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Monitoring Kubernetes Infrastructure for day 2 operations

Kubernetes has taken over the container management world and beyond, to become what some say the operating system or the new Linux of the cloud. Eventually, like Linux, Kubernetes will become a mainstream commodity, taken for granted and fade into the background, an intricate piece of the fabric of the cloud.

In the meantime, not only is the Kubernetes platform hot, but it’s also a platform that is hard and non-trivial to deploy (Day 1) and manage (Day 2 ops). One of the promises of container orchestration platforms is to make it easier for the developers to accelerate the deployment of their applications without having to worry about scalability and infrastructure dependencies. But there’s a price to pay; an increasing complexity and burden for the operations teams in charge of managing the platform. Even though Kubernetes is heavily automated, and does self-healing, it’s not something that you flip on and let run on its own. A failure on one of the cluster components can bring down all the applications running on it. For those still skeptical, take a look at the Kubernetes Failure Stories.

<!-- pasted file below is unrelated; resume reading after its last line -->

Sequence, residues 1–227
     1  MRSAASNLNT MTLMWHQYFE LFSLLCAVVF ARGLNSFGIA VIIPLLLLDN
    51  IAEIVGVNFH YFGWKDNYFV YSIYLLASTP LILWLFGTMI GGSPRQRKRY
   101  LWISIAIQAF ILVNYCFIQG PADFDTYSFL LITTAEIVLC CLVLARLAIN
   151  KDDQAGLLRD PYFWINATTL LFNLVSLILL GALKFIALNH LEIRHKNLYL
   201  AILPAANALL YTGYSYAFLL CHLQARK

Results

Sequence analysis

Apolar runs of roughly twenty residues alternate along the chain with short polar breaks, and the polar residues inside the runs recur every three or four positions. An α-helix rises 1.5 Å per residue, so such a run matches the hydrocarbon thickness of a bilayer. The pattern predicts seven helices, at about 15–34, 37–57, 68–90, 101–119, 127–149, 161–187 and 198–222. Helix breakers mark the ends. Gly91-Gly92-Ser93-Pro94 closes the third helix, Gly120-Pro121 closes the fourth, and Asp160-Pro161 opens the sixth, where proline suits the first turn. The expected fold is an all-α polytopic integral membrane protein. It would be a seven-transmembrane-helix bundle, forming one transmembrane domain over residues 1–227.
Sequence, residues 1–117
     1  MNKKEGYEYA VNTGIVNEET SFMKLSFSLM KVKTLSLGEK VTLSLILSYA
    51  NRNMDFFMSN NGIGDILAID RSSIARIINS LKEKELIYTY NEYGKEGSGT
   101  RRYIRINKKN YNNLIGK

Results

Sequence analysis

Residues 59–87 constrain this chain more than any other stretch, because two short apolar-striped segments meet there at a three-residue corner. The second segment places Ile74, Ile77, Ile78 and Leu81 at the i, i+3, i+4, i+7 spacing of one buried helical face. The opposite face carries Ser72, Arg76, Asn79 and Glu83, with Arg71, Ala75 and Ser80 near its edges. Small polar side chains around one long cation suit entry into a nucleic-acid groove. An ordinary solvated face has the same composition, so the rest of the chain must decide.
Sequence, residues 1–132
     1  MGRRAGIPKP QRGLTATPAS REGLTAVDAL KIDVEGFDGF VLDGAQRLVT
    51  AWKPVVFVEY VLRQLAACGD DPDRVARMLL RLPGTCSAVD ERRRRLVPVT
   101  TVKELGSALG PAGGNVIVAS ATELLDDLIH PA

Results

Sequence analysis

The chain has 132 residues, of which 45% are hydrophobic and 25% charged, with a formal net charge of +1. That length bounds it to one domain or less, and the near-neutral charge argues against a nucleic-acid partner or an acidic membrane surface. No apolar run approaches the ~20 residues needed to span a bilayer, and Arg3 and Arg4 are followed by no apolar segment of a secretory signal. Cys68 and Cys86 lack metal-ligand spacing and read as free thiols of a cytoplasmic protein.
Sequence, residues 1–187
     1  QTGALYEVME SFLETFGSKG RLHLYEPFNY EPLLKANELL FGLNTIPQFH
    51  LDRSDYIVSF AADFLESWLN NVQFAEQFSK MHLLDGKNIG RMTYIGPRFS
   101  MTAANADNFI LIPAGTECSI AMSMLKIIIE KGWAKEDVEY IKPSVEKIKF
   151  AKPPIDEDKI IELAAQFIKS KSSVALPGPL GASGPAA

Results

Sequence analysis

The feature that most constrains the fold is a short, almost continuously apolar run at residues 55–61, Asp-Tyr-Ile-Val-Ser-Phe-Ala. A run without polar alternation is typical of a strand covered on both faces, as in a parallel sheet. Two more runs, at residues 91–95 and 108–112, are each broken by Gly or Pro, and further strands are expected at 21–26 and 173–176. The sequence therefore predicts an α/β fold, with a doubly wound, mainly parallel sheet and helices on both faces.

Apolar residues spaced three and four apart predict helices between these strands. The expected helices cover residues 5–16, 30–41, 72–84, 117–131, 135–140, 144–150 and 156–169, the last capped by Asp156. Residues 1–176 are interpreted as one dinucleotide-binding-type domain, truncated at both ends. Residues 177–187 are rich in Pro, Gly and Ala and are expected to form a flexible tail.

Monitoring Kubernetes is an important aspect of Day 2 operations and is often perceived as a significant challenge. Let’s look at some of the Day 2 operations use cases.

Resource utilization management

One of the principles behind the design of Kubernetes is to always look at optimizing the utilization of compute resources by the workload. This does not happen magically. Platform admins must ensure there are enough resources on the cluster to deploy new apps, deal with demand surges or node failures while avoiding impacts on the existing workload.